Closing the loop

23 September 2013

I am probably a bit suspicious, but I always keep my credit card receipts, and check these off against the monthly statements. I have been doing this for at least 10 years. Mostly using GNUCash which makes the process of reconciling these pretty quick.

Over that time I have found a few mistakes, some in my favour, things that I have never been charged for, and a couple of things not in my favour. Like double charges for things, or fraudulent transactions, mostly these are easily rectified. Some of these have been identified by the Bank and rectified before I find them, sometimes not.

So the era of pay-wave where you generally don’t get a paper receipt is now coming. I personally have resisted this until I was asked by my employer to trial a new service. This allows me to receive a text message whenever a transaction meeting certain criteria is authorized.

The text messages are a huge peace of mind. This I have a record of every transaction, when it happens, including the place and amount. So I don’t feel the need to keep every receipt, and reconcile it to statements.

I hope this catches on and is used by many more banks.


Add Tracking

26 May 2013

There has been a lot of interest in the way in which advertisers gather the targeting information they use to target ads. The EFF has a detailed investigation into how facebook does this. This shows how your offline activities are used to refine the online advertisements that are shown by facebook. While this just covers facebook, many other sites use these companies and others to do similar things.

Personally I always use add blockers, back from the day when advertisers use animations and flashing to draw you eye, making it hard to read the content of the site. While this doesn’t prevent tracking it just cleans up my screen and makes the content readable.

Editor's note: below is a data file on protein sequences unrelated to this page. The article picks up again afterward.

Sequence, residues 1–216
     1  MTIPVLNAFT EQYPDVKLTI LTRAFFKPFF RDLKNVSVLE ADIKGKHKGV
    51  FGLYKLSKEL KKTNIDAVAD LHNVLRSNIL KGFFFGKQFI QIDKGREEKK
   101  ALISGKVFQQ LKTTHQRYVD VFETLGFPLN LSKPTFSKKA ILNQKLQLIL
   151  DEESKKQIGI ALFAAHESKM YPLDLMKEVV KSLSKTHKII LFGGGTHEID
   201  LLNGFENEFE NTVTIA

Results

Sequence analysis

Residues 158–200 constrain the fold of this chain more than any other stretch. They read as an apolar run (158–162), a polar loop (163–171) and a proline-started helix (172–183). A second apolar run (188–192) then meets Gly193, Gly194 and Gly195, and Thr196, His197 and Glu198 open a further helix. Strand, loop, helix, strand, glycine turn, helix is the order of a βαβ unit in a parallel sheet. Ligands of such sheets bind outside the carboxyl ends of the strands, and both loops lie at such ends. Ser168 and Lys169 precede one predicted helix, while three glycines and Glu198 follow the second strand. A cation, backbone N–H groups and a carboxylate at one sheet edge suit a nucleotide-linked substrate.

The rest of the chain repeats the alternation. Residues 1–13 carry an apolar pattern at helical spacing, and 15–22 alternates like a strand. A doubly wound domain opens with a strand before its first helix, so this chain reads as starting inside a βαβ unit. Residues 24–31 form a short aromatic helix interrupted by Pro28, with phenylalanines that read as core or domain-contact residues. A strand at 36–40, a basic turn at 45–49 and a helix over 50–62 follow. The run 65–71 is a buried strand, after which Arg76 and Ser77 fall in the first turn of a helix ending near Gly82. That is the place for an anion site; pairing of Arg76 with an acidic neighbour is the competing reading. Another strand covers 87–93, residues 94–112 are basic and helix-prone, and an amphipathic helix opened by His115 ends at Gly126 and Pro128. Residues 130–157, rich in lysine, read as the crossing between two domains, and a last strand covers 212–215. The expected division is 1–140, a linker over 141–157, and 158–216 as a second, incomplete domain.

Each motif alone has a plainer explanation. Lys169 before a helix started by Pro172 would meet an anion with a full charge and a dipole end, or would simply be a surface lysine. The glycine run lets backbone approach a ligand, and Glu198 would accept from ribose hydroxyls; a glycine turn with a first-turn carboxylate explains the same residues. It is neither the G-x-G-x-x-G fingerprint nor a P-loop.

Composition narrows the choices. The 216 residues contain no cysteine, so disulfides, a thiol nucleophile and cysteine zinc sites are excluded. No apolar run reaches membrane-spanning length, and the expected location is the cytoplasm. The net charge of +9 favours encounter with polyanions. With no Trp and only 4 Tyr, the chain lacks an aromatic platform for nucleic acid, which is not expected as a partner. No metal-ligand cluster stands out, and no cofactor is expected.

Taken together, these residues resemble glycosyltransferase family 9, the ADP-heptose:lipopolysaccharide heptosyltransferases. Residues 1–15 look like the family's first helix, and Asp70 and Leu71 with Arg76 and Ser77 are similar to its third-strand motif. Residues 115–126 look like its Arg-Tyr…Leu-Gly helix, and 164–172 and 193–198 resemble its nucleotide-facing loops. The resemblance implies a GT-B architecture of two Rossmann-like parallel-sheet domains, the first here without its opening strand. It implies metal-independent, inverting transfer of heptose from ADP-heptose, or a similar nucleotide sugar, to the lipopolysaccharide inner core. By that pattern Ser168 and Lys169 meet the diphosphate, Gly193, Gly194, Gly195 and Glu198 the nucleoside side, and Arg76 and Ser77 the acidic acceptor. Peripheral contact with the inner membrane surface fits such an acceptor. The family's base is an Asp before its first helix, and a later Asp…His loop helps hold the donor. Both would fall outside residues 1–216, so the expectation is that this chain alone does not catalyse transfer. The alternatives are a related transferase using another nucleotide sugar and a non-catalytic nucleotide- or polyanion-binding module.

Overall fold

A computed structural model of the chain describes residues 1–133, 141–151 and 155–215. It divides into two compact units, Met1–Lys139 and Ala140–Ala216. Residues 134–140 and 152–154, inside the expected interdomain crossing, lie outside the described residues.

I also came across this info-graphic that explains much of the on net tracking technology in a fairly understandable manner.

Internet Day Infographic
From InternetServiceProviders.org


Linix demand for support

21 May 2013

If you talk to the Mobile operators they don’t support Linux. They say there is no demand. Well the interesting case in point is giffgaff. This MVNO network relies on the public to crowd source their support information on their network.

So with a bit of Goolge hacking we can see the number of support pages that mention Linix on the various networks:

So the level of Linux support provided by a small UK MVNO beats the mighty giants of the world mobile.


Internet Survey

27 March 2013

You may have heard of this elsewhere. This is a Grey Hat report from a anonymous individual, that has used a botnet to survey the entire IPV4 address space and perform a port scan on every one of those IP addresses.

In summary he delivered his scanning software to 30 thousand machines that provided a telnet port (23) that accepted a logon of either root/root root/(blank) admin/admin admin/(blank) or even (blank)/(blank). There were many more of these devices, but this was sufficient to his requirement to scan the entire IPv4 range in about 3 hours.